Caregivers live on a daily basis with loss. And they have learned to live and survive with monumental losses. Looking at how caregiver’s take in all the emotion and having the strength to help others at the same time is a skill we should all cultivate.
When people lose a loved one there are five stages of grieving, they will need to address. Every day our caregivers help the person they care for struggle through the stages of grieving and as this is happening, a successful caregiver will be grieving also. No two people grieve at the place or for the same stage or in the same way; however caregivers seem to have come close. What is so astonishing is that we as a population have come to expect them to do this. So when a caregiver does not do well physically or emotionally at the end of a caring mission, we are all taken aback. What we should do is provide the support necessary for this person to move through the grieving process.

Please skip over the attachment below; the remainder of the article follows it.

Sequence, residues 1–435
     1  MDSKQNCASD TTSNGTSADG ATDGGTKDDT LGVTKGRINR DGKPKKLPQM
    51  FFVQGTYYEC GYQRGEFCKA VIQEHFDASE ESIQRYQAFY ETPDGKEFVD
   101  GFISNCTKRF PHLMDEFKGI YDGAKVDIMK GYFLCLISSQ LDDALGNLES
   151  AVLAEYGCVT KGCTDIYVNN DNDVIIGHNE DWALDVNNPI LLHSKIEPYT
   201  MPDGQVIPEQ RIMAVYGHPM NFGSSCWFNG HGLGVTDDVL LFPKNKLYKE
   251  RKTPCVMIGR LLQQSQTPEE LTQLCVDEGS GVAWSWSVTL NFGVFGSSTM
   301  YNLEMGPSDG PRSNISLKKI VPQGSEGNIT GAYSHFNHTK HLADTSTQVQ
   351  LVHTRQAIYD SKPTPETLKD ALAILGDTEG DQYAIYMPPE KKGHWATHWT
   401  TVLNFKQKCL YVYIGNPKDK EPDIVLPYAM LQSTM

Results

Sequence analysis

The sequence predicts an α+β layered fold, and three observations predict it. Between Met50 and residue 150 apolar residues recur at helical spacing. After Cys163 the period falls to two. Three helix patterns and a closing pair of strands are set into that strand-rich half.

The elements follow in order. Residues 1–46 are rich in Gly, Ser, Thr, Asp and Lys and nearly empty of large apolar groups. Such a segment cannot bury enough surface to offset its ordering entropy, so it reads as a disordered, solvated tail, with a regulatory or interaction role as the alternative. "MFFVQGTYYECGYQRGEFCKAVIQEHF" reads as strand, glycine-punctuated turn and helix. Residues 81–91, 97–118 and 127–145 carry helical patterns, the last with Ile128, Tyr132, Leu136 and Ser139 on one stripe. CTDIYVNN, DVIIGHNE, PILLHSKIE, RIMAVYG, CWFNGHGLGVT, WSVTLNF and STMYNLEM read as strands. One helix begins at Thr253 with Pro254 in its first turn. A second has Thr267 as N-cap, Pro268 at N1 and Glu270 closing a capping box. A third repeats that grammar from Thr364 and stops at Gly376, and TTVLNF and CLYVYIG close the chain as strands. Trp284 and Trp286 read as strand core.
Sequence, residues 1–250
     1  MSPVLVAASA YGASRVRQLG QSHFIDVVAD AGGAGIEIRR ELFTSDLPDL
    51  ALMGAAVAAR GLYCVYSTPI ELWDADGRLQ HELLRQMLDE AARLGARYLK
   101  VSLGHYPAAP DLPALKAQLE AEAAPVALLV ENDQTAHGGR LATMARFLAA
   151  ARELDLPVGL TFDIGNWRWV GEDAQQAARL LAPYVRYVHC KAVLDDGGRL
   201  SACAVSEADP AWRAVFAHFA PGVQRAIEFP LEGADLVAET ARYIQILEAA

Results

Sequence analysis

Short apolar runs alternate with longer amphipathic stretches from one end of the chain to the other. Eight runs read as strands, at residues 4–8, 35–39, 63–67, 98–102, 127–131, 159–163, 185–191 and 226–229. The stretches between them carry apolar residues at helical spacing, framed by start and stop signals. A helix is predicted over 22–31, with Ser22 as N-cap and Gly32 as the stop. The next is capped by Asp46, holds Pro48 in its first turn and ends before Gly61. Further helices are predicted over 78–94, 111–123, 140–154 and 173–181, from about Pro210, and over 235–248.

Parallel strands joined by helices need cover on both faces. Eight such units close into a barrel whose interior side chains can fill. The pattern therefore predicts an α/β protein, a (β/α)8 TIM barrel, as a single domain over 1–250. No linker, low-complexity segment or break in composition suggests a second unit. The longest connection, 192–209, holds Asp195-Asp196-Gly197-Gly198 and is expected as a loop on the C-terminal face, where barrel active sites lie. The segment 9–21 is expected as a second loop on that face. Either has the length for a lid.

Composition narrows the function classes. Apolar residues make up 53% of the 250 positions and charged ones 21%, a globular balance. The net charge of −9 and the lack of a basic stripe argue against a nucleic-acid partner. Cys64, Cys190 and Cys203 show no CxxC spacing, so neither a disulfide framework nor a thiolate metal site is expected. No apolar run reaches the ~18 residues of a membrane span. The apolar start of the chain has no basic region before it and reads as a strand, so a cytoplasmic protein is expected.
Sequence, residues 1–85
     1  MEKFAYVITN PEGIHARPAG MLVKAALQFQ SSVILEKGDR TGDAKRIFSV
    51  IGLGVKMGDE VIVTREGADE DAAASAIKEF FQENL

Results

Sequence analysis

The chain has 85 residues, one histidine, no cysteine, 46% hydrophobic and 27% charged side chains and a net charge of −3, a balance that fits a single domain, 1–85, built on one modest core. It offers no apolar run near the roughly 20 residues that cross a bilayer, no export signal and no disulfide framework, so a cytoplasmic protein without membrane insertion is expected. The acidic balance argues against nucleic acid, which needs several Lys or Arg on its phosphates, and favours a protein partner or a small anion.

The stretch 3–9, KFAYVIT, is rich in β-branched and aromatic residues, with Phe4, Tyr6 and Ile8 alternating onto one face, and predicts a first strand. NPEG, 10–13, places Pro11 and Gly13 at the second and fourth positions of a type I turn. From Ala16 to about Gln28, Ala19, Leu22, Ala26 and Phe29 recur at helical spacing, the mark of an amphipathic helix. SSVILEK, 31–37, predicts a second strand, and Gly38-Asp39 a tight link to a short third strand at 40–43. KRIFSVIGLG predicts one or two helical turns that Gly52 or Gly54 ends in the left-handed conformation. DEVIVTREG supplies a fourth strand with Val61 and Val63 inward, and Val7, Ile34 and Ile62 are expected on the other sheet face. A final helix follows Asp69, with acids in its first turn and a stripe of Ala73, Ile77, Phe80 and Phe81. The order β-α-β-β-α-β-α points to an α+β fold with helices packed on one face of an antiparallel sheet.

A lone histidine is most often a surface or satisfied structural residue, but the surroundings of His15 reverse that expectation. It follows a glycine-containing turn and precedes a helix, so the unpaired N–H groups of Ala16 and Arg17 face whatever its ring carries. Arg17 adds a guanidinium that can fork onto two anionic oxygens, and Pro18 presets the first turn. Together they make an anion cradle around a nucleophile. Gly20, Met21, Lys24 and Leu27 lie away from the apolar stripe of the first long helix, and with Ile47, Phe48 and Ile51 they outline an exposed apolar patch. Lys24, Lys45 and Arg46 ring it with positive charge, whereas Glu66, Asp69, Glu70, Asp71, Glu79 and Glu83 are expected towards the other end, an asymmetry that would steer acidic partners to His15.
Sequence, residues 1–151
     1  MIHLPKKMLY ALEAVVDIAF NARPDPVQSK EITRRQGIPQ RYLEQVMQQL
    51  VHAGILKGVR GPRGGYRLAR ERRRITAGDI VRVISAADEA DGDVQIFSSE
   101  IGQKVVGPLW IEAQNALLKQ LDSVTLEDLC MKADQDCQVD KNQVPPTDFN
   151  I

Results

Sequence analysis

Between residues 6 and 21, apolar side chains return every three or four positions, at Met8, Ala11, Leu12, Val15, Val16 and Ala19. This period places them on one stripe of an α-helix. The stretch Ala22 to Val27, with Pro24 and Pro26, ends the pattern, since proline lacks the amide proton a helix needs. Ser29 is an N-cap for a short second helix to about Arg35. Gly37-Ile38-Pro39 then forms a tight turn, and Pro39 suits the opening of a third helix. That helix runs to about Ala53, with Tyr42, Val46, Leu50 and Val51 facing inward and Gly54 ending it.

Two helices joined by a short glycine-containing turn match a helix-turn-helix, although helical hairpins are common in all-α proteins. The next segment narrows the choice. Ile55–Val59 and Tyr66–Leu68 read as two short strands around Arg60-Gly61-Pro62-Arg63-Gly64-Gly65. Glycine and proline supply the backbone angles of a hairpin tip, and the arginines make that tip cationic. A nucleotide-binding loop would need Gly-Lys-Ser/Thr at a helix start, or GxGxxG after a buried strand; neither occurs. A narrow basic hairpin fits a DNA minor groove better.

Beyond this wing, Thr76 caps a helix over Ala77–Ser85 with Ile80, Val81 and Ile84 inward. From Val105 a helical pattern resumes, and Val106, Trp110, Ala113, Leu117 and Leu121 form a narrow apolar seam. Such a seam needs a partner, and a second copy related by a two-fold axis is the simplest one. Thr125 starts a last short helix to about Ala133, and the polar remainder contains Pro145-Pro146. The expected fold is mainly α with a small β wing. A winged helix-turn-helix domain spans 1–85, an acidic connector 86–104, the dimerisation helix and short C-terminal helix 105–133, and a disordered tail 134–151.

When a person is unable to work through the grieving process they cannot grow or be productive in their own life. They will only move half way to the next plateau, they will behave in a questionable way when in a group known to them. They will cling to personal possessions and be unable to release some of the feelings they have. There will be times when anger will seem to gush out of them for no reason and there will be times when they laugh at the wrong moment.
Each of us has seen this person in our lives and each of us can help this person. Be available to listen, no judgments or solutions, just listen; be available to provide a hug, hold a hand or cry with them; this is what they need right now. And you are the right person for this job, just be human.